The plot for Lennon’s deportation was squashed by public outrage with a little help from John’s friends in the arts and politics. And he was allowed to remain in the adopted city with which he shared such mutual love. The PBS documentary “LennonNYC,” part of the “American Masters” series offers an intimate exploration of Lennon’s life in New York, and his state of contentment and re-birth at the time of his death. Given his sense of irony, John would probably shrug and sing a few lines of “Instant Karma” had he been privy to his tragic fate on that peaceful New York City street he called home.
John Lennon was a complicated man: a poet with a showman’s touch; an idealist with a pragmatic knack. ( pairing the Lennon/Ono classic ” War is over with “Happy Christmas” was a brilliant move. The medley became a multi-generational anthem that is played annually on thousands of radio stations worldwide.) He had suffered early tragedy, losing his mother to a car accident when he was seventeen; and as a father he had a tricky relationship with his oldest son Julian( who has said the two were repairing their strains at the time of John’s death). He was famous for his devotion to Yoko, but he left her briefly for another woman. He had returned in time to rekindle both their passionate romance and his career. The comeback album, “Double Fantasy” was released just three weeks before his death.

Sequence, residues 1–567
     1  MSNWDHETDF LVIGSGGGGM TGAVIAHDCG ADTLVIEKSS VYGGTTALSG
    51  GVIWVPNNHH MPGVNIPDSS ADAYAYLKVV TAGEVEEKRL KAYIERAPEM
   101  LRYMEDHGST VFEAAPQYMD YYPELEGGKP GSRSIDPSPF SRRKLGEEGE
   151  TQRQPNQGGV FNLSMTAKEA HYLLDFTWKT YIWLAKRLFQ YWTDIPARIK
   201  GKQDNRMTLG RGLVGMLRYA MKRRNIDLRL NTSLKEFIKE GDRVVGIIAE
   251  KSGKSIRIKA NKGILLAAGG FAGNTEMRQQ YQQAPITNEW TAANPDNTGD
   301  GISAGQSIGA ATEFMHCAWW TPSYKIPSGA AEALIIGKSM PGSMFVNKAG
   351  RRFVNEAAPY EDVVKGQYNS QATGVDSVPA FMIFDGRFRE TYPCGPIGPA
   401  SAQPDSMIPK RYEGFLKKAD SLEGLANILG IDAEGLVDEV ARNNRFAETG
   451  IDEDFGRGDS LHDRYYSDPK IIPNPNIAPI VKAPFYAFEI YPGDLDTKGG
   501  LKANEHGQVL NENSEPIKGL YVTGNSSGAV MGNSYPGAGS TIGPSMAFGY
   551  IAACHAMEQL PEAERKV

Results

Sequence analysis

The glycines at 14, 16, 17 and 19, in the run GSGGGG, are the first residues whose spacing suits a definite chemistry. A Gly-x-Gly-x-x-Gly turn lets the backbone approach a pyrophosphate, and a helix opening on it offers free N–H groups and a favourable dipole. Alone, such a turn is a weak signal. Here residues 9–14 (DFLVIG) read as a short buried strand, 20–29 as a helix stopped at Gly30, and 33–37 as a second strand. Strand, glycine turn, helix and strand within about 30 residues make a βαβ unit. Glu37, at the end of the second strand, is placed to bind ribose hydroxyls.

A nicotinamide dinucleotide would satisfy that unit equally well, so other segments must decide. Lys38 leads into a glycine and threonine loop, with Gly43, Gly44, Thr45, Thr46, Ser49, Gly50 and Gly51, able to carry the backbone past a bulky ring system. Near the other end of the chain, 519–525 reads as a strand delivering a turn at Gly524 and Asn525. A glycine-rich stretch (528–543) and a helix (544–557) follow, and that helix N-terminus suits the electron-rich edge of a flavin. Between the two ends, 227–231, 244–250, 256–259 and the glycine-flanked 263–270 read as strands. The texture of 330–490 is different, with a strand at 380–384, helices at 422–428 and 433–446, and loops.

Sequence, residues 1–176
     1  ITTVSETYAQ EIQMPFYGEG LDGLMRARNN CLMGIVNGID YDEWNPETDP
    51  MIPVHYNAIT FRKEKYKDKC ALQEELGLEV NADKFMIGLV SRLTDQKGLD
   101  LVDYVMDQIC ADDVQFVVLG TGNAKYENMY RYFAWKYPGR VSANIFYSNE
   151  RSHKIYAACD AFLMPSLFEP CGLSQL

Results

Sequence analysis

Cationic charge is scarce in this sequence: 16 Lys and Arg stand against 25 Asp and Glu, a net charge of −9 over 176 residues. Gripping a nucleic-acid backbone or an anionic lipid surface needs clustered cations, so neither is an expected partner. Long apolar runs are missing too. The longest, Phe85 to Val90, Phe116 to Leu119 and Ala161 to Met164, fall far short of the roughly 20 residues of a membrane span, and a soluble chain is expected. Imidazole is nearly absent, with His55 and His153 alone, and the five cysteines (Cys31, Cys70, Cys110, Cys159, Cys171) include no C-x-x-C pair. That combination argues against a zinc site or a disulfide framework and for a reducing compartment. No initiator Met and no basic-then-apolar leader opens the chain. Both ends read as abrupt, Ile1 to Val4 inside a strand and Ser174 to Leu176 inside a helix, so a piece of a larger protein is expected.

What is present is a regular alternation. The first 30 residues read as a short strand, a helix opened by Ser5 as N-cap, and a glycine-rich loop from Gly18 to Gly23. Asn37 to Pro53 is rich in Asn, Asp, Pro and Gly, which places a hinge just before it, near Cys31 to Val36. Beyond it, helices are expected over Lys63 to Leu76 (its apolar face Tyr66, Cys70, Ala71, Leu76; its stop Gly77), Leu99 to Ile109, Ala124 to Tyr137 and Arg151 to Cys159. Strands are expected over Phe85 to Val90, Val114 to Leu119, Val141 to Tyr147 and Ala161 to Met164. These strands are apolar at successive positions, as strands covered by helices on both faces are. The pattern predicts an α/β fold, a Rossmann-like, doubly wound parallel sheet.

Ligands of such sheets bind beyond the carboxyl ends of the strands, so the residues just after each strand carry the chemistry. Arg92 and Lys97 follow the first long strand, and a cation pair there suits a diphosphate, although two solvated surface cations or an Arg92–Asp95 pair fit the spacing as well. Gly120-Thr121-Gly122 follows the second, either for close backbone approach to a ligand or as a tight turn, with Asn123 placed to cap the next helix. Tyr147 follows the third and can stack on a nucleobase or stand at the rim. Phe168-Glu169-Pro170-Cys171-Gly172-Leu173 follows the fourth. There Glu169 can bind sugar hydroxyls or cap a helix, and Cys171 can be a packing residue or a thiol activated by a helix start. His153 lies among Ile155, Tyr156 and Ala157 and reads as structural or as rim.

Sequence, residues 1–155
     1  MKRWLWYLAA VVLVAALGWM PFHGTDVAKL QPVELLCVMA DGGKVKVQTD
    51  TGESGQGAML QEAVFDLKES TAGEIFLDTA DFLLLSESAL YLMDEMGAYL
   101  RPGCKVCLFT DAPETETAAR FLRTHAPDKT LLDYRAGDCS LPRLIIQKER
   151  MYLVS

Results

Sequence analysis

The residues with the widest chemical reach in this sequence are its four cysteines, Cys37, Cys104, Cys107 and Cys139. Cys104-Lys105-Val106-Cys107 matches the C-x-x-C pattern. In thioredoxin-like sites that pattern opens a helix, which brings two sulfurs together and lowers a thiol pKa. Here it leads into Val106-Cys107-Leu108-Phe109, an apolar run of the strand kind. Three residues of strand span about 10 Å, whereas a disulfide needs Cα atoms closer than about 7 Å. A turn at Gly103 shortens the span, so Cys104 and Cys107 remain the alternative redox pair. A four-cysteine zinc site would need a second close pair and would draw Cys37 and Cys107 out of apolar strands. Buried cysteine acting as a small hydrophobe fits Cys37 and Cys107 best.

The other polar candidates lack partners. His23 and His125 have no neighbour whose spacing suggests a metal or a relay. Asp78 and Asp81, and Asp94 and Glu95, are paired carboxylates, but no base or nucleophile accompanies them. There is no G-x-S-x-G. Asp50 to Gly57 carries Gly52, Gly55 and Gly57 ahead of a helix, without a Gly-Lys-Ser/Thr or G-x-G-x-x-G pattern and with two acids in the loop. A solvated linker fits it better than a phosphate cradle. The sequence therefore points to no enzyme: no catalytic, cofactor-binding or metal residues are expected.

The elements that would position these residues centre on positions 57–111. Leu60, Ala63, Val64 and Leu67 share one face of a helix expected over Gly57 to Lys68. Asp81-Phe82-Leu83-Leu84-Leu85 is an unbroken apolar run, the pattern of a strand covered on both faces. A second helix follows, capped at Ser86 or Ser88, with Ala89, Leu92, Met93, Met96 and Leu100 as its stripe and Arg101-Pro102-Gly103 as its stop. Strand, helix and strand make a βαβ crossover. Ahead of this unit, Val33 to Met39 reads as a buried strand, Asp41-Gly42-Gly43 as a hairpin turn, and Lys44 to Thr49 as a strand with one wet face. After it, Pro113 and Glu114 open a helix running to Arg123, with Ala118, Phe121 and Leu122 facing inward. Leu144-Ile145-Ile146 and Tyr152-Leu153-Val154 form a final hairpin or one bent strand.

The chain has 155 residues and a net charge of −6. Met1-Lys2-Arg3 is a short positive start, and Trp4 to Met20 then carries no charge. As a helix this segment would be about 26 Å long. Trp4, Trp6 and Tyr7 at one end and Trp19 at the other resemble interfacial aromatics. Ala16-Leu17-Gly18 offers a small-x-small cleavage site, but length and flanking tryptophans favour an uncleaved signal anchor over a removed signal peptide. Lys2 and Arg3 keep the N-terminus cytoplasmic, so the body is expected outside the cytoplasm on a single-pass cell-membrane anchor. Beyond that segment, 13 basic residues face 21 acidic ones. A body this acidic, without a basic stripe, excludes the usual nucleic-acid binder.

Every year around John’s birthday in October and now on the anniversary of his death, people speculate about all the work he could have, would have amassed in the all those stolen years. Yoko has said John would have loved the Internet, and would have certainly found interesting uses of the new medium. Julian–who recently emerged from his own nearly two decade self-exile from music –said his father would most certainly have continued to make music. And Lennon may have also continued his passions for painting and writing. His sketches and paintings have fetched high price tags at auctions. And he displays a raw, literary flare in his book, “Skywriting by Word of Mouth.”
Lennon’s legacy for peace, captured in beautiful and profound simplicity: “War is over. If we want it,” is as relevant today as it was all those years ago. It’s still hard to believe anyone was ever threatened by such a loving and powerful message. Events from Band Aid to Farm Aid and artists from Bono to Springsteen, R.E.M. to the Indigo Girls, Mellencamp to the Dixie Chicks all owe a debt to Lennon’s audacity, conscience and spirit. And as I write this in a country currently embroiled in seemingly endless military conflicts and corroded by growing social and economic inequity, I can’t help but heed Lennon’s clarion call for peace and justice. It is up to all citizens to arm ourselves with knowledge and speak truth to power.
From his exquisite discography to his indelible influences in music, pop culture and society, John Lennon will forever shine on. Like the moon and the stars and the sun.